In the previous Congress we faced the worst piece of surface transportation legislation that had ever been written. We demonized it and in the end it died of a thousand cuts. Now the committee is looking for a bipartisan bill that finally solves the highway problems of the nation.

Our goal going forward is to transportationize the [2016] elections – we do not want politicians to be able to take a pass on these issues.

How has the nation’s underinvestment in transportation affected its workers?

Historically transportation has provided a really great pool of middle-class jobs. There are still plenty of them, but what we have seen is the corrosive effect of not investing in infrastructure. We have seen a dumbing down of labor standards. When budgets get tight and large transportation authorities face a recession like the one we just went through, they start getting seduced by really awful policy ideas including wholesale privatization of services, contracting out of work and attacking collective bargaining rights. You have workers in the para-transit field who carry the disabled and elderly through the transportation system, some of them are working for $10 an hour. That’s a disgrace, to be asking people [who] carry out such important work [to have to] hold down two or three jobs. With the huge wave of mergers in airlines, we have seen massive transfers of wealth to shareholders and corporate execs while workers have seen pensions eliminated, wages cut and more outsourcing.

The second way it has manifested is that when you stop investing in infrastructure, over the course of 15-20 years you have idled millions of jobs. The people who could be working go to Best Buy or Home Depot because they can’t get a job repairing bridges or building out new passenger rail systems. This is the first generation in the modern era that has seen a decline in the quantity and quality of jobs that transportation provides.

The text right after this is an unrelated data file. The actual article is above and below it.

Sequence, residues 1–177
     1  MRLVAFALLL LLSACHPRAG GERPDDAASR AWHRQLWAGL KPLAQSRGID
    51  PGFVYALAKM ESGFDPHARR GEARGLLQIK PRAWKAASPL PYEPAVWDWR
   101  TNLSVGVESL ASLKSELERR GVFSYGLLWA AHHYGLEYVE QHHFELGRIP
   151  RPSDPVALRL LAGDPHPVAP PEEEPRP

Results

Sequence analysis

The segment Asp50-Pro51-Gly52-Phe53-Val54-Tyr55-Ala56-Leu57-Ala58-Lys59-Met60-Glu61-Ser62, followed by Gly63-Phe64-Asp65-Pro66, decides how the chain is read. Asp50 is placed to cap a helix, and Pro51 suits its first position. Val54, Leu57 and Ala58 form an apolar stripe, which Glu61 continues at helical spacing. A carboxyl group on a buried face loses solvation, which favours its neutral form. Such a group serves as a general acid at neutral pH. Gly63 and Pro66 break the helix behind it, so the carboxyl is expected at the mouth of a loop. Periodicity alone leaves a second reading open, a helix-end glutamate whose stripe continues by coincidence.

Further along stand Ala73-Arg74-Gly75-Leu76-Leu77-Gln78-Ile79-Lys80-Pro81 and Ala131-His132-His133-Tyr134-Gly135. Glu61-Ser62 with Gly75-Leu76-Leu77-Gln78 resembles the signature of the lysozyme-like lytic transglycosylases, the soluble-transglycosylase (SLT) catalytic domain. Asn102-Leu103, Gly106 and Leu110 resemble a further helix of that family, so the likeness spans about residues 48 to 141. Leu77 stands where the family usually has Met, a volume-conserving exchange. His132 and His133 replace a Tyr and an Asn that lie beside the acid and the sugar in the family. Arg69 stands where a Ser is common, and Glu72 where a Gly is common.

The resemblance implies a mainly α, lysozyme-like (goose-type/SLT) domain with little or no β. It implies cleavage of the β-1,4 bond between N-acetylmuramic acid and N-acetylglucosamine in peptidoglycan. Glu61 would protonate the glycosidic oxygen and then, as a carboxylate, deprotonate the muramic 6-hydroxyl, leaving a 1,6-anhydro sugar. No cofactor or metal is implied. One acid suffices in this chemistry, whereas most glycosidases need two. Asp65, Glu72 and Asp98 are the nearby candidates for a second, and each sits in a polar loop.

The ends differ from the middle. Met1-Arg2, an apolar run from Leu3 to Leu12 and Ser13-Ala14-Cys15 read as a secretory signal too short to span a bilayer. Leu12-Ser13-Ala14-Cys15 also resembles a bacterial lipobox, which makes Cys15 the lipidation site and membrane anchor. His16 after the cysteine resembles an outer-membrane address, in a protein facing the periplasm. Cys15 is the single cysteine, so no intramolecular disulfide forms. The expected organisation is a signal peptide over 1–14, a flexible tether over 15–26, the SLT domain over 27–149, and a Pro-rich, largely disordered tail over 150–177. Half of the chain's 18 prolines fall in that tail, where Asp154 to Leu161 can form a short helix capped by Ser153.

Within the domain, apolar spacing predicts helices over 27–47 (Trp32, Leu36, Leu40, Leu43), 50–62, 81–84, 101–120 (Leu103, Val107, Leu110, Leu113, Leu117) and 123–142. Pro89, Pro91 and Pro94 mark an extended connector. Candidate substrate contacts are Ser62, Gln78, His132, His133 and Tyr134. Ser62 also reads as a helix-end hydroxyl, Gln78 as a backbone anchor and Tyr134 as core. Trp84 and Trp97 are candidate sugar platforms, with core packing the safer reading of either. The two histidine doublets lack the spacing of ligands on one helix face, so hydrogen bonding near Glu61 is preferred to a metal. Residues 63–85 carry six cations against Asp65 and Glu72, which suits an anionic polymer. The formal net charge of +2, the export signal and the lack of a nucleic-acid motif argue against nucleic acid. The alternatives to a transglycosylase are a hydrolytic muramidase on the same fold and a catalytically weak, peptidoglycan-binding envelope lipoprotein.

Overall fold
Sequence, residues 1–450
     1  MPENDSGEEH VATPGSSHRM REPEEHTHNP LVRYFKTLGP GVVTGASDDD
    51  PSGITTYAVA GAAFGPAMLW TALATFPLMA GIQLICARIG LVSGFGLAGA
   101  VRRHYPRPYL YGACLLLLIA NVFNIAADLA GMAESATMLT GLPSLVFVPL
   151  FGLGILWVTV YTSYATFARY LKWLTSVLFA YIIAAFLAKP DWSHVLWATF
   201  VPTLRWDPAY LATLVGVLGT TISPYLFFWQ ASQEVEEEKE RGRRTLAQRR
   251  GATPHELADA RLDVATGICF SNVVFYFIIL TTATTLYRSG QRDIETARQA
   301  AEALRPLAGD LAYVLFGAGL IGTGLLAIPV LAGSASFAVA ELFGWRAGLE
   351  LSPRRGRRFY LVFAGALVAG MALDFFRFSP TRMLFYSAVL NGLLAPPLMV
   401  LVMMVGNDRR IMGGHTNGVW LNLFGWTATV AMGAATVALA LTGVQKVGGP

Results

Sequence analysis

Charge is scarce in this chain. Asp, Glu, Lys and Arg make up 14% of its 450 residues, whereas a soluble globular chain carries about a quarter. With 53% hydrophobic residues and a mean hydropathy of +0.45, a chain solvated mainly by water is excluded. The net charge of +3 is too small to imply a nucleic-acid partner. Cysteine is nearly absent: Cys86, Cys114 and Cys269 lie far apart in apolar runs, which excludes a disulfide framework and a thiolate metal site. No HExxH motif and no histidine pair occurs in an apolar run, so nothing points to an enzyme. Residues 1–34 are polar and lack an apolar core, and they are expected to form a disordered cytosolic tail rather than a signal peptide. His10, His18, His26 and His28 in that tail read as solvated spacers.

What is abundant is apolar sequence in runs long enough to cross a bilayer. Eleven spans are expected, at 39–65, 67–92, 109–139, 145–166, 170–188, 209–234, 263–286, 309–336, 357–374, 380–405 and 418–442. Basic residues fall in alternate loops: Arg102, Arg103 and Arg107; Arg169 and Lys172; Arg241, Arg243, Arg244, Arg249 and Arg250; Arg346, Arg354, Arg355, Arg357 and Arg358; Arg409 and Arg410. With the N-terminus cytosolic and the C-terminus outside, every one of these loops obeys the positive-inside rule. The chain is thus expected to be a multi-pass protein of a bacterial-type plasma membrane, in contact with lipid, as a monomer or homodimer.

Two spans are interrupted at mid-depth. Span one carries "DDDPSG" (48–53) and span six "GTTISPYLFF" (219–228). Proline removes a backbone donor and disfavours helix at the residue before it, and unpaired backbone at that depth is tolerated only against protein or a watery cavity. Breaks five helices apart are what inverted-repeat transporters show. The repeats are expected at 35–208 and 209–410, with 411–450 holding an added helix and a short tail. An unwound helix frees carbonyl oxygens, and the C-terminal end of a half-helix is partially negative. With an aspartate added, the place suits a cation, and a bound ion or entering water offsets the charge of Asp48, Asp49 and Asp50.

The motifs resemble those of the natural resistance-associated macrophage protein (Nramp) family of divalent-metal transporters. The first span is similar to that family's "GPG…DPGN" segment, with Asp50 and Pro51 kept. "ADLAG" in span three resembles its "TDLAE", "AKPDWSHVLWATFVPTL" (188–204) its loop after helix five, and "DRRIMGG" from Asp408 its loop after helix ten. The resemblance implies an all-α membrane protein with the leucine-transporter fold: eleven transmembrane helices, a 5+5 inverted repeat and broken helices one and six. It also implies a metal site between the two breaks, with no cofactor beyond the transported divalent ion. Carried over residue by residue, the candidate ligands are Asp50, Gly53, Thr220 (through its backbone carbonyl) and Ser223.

Who inspired you to do the work you do?

I have wonderful parents who taught me the value of work and family. They worked hard, and though they weren’t wealthy they provided for their kids and sent me to college. When I was in college at U.C. Santa Barbara I started getting more and more angry. I watched Prop. 13 hollow out the public school system and other stuff happening in the 1970s, and felt I needed to do something about it. I took a one-way flight to D.C. with five suitcases, $1,000 in my bank account and no job. I was burning inside and needed to come to Washington. I set out to get involved in the war of words. I started out as a journalist covering various industries and honed my writing skills. There was a tipping point – I was writing for a magazine and newspaper, and was part of a conference, and was asked by someone in the audience why I was such a lapdog of labor when I wrote stories about them. I said to myself, maybe I am a labor partisan, so I brought that passion to another venue.